The Falls were considerably less impressive than on our previous visit. Just the upper-most corner of the Devil’s Throat had enough water to provide a nice “show”. Due to the heat, we refrained from much activity. With the very active help of our taxi driver, we managed to visit the Brazil side as well. The country had only about a week earlier opened its borders again and buses were not running yet. Some notable species: Limpkin, 2 Osprey, Snail Kite, Greater Ani. Great Dusky Swift in the Falls area, Fork-tailed Flycatcher, Great Kiskadee, Plush-crested Jay, Saffron Finch. A Tufted Capuchin on the Brazil side was the only notable mammal. Not even a coati!
(to be continued)
 

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Swissboy

Sempach, Switzerland
Supporter
Switzerland
(part 4)
Buenos Aires area:

I had read about security issues so we did not dare to include Costanera Sur to our itinerary, though the area should be safe again since it is now gated. So the “grand finale” came with a guided tour to Entre Rios Sur, and it lasted about 14 hours! We knew it was going to be long, the only major problem was the fact that the car’s air conditioning quit working about half way through the tour! It was particularly problematic for my wife, so I have to specifically mention my gratitude here to her that she did not insist to turn around! I had looked for a tour guide by entering "Buenos Aires Birding" to the search engine, and it turned out to be the right decision. So Marcelo Gavensky (Birding Buenos Aires - Home and www.birdsargentina.com) contacted me after I had looked through the tours offered on the website. We then decided on an extended version of the basic Entre Rios Sur tour as this allowed including an area that presently had breeding Saffron-cowled Blackbirds that I was particularly eager to see. (I had done my PhD work on the Brewer’s Blackbird in Eastern Washington 50 years ago and those Icterids still strike a special chord in me.) Marcelo picked us up at the hotel on Christmas Eve (24 December) at 6 AM, we had breakfast on the way. Our bird list had over 80 species at the end of the tour. I will not provide a long list here. Just a few personal highlights, not necessarily lifers: Greater Rhea, Spotted Nothura, Southern Screamer, Ringed Teal, Savanna Hawk, South American Snipe (they all look pretty much alike to me though), Spot-winged Pigeon, Monk Parakeet, Guira Cuckoo, Nacunda Nighthawk, Burrowing Owl, White-fronted Woodpecker, Narrow-billed Woodcreeper, Tufted Tit-Spinetail, Lark-like Brushrunner, Firewood-gatherer, Brown Cacholote, Short-billed Canastero, Chotoy Spinetail, Spectacled Tyrant, White Monjita, Crowned Slaty Flycatcher, White-naped Xenopsaris, Yellowish Pipit, Marsh Seedeater, Unicolored Blackbird, Scarlet-headed Blackbird, Screaming Cowbird, White-browed Blackbird (pretty much a meadowlark, also shares same genus).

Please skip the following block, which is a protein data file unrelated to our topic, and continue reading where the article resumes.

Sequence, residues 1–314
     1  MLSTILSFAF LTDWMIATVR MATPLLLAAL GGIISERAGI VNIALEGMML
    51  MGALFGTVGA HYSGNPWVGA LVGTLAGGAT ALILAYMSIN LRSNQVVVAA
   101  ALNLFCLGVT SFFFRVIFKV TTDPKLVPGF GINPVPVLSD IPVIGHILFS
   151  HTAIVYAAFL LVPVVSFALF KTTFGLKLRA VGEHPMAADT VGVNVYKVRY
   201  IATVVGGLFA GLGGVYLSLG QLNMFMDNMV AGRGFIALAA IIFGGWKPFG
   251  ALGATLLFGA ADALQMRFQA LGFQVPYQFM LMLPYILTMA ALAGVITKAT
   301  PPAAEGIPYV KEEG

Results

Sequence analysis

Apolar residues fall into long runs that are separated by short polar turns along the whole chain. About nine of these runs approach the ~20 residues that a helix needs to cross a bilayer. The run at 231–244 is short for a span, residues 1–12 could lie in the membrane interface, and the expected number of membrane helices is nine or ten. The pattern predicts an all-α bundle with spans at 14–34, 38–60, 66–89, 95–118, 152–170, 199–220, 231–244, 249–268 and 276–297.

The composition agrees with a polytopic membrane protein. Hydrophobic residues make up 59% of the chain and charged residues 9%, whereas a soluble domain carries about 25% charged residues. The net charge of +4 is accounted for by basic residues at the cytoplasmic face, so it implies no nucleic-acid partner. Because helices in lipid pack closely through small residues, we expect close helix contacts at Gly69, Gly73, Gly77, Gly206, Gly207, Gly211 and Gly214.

Two final remarks: all our guides spoke excellent English, so communication was never a problem, and we had many good discussions on the side as well. They all asked for cash payment in US Dollars. No wonder in a country that presently has an annual inflation rate of around 50 percent!
 

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lgonz1008

Well-known member
United States
Great trip report, sounds like you were able to do the highlights of Argentina and the best of the Antarctic region all in one package!
 

Mad4Birds

Well-known member
Wales
Hi,
I was one of the Oceanwide expedition guides on your trip. You were obviously one of the 'true' birders on board - there weren't that many of us! 😂. Glad you got a great list and experience - it was a fantastic trip. I was on the next two cruises to the Antarctic peninsular - great to spend more time down there but the seabirds through the Drake on all four crossings were not as numerous as you had. I didn't get anytime to explore ashore before or after my cruises so I'm really jealous of your other sightings!
 

MKinHK

Mike Kilburn
Hong Kong
What a wonderful trip - a great write-up and terrific photos - that Magellanic Woodpecker shot is fantastic! Tussacbird looks eerily like a female blackbird, and I'm amazed that the same Black-crowned Night heron in my urban Hong Kong park is also on the Falklands!